Movie City Indie Archive for September, 2011

DRIVE and Los Angeles (2:07)

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Home, Alone: Trailering EXTREMELY LOUD & INCREDIBLY CLOSE


More than the trailer, which seems more emphatic in its uplift than the finished film might dare, there are names other than director Stephen Daldry‘s that pop out: screenwriter Eric Roth (Forrest Gump, Benjamin Button); composer Nico Muhly (The Reader, Margaret), and, not in the credit block, cinematographer Chris Menges (The Reader, The Killing Fields, Local Hero) and editor Claire Simpson (The Reader, The Constant Gardener, Wall Street). There will be vivid widescreen imagery.

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Postering the Lars Von Trier Character

In the U.K., Artificial Eye releases character posters for Melancholia. Here’s Lars von Trier’s, with a special stamp in the upper lefthand corner. The production’s website here. [Via Ultra Culture.]

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X On the Jerry Lewis Telethon (1982) (2’02″)

http://www.youtube.com/watch?v=ztgMXJjxyhw&feature=player_embedded

[Via Dangerous Minds.]

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Postering Tony Kaye’s DETACHMENT

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Postering a disappearing IRON LADY

While it’s not the first horizontal/vertical mix-up on a one-sheet this month (see Janus Film’s reissue poster for Godard’s Weekend), at second glance, this is the most disturbing. Turning topsy-turvy the Houses of Parliament may resemble the streaking of a minor Gerhard Richter painting, but more readily suggest the loss of memory and personality by Thatcher as her Alzheimer’s grows worse. And what streaks away? A mind for all things governmental. Eeeesh.

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Halluci-postering Thompson-Robinson’s RUM DIARY

What drugs had our faithful young correspondent Hunter S. ingested by the time of his Puerto Rican reporting days, where he laid his fictional “Rum Diary”? The revisions in the years before publication surely partook of the sort of recreational distraction that this one-sheet genially embraces. Plus: Bruce Robinson. This film must fall within the acceptable bounds of reflecting the writer-director-raconteur’s large and rumbustious personality.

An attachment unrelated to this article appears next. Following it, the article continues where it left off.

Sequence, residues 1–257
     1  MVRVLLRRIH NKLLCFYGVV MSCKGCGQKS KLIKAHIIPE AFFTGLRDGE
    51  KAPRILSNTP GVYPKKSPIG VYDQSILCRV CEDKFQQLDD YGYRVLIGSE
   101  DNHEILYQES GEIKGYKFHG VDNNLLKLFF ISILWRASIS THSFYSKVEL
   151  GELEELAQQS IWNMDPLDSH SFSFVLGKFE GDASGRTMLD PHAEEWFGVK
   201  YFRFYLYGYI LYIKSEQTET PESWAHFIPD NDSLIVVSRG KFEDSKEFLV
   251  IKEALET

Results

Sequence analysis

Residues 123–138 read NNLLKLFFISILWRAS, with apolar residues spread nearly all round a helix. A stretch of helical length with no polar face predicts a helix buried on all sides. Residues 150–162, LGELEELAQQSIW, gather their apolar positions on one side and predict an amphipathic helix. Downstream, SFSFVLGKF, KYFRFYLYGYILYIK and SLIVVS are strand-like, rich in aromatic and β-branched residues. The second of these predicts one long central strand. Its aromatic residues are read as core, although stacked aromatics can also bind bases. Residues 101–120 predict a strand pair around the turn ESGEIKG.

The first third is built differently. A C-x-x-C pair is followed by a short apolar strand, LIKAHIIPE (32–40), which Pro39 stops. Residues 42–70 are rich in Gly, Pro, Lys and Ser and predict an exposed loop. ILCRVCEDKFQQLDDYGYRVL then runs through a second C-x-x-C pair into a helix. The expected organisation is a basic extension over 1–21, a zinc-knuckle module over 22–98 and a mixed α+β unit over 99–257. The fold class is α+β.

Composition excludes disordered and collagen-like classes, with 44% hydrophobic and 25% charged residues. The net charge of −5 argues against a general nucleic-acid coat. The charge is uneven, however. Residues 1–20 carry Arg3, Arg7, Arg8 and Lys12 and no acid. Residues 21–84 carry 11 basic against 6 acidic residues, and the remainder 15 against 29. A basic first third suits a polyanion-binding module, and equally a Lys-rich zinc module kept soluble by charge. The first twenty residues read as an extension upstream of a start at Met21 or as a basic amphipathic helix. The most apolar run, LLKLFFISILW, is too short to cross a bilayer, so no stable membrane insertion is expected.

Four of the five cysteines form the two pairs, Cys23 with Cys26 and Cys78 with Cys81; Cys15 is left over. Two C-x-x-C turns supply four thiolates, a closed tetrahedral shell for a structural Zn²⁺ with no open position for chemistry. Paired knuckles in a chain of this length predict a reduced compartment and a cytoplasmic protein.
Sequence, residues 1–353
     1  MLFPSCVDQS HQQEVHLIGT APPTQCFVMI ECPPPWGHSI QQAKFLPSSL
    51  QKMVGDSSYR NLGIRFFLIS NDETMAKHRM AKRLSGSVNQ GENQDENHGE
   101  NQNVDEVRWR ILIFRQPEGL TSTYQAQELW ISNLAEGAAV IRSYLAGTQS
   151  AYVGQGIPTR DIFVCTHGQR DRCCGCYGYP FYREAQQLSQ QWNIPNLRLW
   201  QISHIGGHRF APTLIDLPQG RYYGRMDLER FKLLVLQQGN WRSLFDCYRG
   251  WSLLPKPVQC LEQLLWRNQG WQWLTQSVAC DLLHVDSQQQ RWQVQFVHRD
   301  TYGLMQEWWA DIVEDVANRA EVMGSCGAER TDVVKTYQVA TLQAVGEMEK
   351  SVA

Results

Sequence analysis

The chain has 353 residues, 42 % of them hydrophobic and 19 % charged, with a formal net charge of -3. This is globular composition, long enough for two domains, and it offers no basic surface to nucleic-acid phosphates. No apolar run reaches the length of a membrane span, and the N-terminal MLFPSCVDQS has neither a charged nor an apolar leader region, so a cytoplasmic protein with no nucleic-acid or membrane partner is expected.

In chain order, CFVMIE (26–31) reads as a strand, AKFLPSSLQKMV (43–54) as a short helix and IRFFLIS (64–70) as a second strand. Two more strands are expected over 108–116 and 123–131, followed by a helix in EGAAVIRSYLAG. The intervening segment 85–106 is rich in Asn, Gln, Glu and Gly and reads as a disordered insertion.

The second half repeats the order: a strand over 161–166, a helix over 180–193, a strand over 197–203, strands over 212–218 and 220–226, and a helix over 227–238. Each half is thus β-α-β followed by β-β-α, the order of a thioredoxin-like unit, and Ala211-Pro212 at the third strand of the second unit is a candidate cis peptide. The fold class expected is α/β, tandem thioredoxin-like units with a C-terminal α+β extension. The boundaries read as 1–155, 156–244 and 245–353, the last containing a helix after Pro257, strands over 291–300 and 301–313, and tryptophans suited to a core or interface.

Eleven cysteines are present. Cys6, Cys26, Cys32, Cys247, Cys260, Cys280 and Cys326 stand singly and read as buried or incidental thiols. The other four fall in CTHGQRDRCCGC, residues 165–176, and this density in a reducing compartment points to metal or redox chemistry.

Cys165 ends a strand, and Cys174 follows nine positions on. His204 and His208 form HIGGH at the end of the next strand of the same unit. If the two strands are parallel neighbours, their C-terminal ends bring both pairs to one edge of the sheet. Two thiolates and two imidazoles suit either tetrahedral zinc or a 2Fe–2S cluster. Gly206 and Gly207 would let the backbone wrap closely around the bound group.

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Four Silent Screams (NYC 2011; Eisenstein 1925; Kent State, 1970)



Photojournalism: a silent scream. “Davidscameracraft” is the byline of the photographer from the “Occupy Wall Street” protests. More of his solid work here, where he discovers the NYPD Deputy Inspector who randomly chose whom to pepper-spray at point blank is named “BOLOGNA.”

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Robert Bresson at 110

http://www.youtube.com/watch?v=DIPiRPk0VzI&feature=player_embedded

http://www.youtube.com/watch?v=FhWyoEhS_wA&feature=player_embedded

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Francis Coppola’s TIFF TWIXT Presser (31’58″)

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Japanese Art For Monte Hellman’s ROAD TO NOWHERE

[Site.]

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THE 3 Rs: David Lynch Trailers Viennale 2011 (1’13″)

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Postering Godard’s WEEKEND

[Playdates for Janus Films' new 35mm print.]

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Qwikster Goes For The Classics With First Commercials

And below! Classic Qwikster! From Australia!

Read the full article »

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Movie City Indie

Quote Unquotesee all »

A Haunted House 2 is not a movie. It is a nervous breakdown. Directed by Michael Tiddes but largely the handiwork of star, producer, and co-writer Marlon Wayans, the film is being billed as yet another Wayans-ized spoof of the horror movie genre, à la the first Haunted House movie and the wildly successful Scary Movie series. (Keenen Ivory Wayans and his brothers were responsible for the first two Scary Movie films; they have since left that franchise, which may explain why a new one was needed.) And there are some familiar digs at recent horror flicks: This time, the creepy doll and the closet from The Conjuring, the family-murdering demon from Sinister, and the dybbuk box from The Possession all make appearances. But this new film is mostly an excuse for star Marlon Wayans to have extended freak-outs in response to the horrors visited upon him—shrieking, screaming, crying, cowering, and occasionally hate-fucking for minutes on end. Yes, you read that last bit right. A Haunted House 2 puts the satyriasis back in satire.”
Ebiri On A Haunted House 2

“I wanted to make you love a murderer. There’s no way of redeeming him. He’s a drunk and a killer. He killed at least seven people (that we know of). But there were reasons he was a bad guy. He was surrounded by evil in those days. A lot of people were killed building modern Florida—modern everywhere. Watson had plenty of opportunities to see how rough those guys were playing and he thought he could do it too. At least he rationalized it that way. He had the devil beaten out of him and became a very dangerous guy. And he couldn’t handle his liquor, which is one of the worst aspects of him. And he went crazy. Understanding how that happened is useful, I think. There’s no reason any one of us couldn’t be Edgar Watson.”
~ Peter Mathiessen On Writing “Killing Mister Watson”